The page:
Canberra: An international team of scientists studying ultrafast physics has solved a mystery of quantum mechanics and found that quantum tunnelling is an instantaneous process, the Australian National University said on Thursday.
The new theory could lead to faster and smaller electronic components for which quantum tunnelling is a significant factor. It will also lead to a better understanding of diverse areas such as electron microscopy, nuclear fusion and DNA mutations.
"Timescales this short have never been explored before. It's an entirely new world," Xinhua news agency quoted Anatoli Kheifets from The Australian National University (ANU), who is a member of the international team, as saying in a press statement.
At very small scales, quantum physics shows that particles such as electrons have wave-like properties and their exact position is not well defined, meaning that they can occasionally sneak through apparently impenetrable barriers, a phenomenon called quantum tunnelling.
Quantum tunnelling plays a role in a number of phenomena, such as nuclear fusion in the sun, scanning tunnelling microscopy and flash memory for computers. However, the leakage of particles also limits the miniaturisation of electronic components.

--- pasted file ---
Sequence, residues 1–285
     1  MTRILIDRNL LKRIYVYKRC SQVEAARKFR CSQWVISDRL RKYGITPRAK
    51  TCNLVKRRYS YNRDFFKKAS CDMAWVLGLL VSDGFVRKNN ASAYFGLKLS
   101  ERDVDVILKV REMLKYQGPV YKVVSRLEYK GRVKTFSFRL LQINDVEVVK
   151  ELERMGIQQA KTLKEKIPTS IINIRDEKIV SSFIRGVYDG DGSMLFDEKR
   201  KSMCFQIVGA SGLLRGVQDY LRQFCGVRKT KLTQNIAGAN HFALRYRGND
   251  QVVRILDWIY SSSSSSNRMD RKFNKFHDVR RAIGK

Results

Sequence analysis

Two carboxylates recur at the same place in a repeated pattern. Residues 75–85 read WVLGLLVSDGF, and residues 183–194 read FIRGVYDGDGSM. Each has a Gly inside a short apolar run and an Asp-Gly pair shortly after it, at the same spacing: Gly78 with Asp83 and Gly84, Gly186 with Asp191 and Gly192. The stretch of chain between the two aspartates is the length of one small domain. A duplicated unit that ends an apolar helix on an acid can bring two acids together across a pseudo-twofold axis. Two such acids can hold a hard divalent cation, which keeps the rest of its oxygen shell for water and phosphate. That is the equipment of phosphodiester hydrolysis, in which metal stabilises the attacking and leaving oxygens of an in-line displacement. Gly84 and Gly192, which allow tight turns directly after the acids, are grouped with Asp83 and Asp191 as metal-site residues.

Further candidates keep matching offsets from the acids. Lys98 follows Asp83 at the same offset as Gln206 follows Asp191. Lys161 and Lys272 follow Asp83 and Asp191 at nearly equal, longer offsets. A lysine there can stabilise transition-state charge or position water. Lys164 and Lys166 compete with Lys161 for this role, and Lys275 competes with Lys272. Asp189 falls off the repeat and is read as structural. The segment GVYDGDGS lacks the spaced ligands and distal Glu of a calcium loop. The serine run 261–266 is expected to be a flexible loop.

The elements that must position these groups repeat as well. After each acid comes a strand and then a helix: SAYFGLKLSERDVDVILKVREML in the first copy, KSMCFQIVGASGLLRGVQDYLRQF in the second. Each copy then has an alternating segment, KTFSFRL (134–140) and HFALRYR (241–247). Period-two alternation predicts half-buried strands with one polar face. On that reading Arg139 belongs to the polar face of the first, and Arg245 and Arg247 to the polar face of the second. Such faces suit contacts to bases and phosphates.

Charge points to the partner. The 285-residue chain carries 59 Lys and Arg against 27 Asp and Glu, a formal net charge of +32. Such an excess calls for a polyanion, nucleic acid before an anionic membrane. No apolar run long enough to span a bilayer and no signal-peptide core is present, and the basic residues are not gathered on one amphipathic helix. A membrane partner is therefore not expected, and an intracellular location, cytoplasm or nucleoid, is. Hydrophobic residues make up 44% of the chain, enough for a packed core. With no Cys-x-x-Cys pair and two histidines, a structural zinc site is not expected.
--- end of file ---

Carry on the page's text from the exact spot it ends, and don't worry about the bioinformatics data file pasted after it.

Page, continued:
Kheifets and Igor Ivanov, from the ANU Research School of Physics and Engineering, are members of a team which studied ultrafast experiments at the attosecond scale (one quintillionth of a second) -- a field that has developed in the past 15 years.
Until their work, a number of attosecond phenomena could not be adequately explained, such as the time delay when a photon ionised an atom.
"At that timescale, the time an electron takes to quantum tunnel out of an atom was thought to be significant. But the mathematics says the time during tunnelling is imaginary, a complex number, which we realised meant it must be an instantaneous process," said Kheifets.
"A very interesting paradox arises, because electron velocity during tunnelling may become greater than the speed of light. However, this does not contradict the special theory of relativity, as the tunnelling velocity is also imaginary," said Ivanov, who has taken up a position at the Centre for Relativistic Laser Science in South Korea.
The team's calculations made using the Raijin supercomputer showed that the delay in photoionisation originates not from quantum tunnelling but from the electric field of the nucleus attracting the escaping electron.
The results provide an accurate calibration for future attosecond-scale research, said Kheifets.
"It's a good reference point for future experiments, such as studying proteins unfolding, or speeding up electrons in microchips," he said.
The research is published in the Nature Physics journal.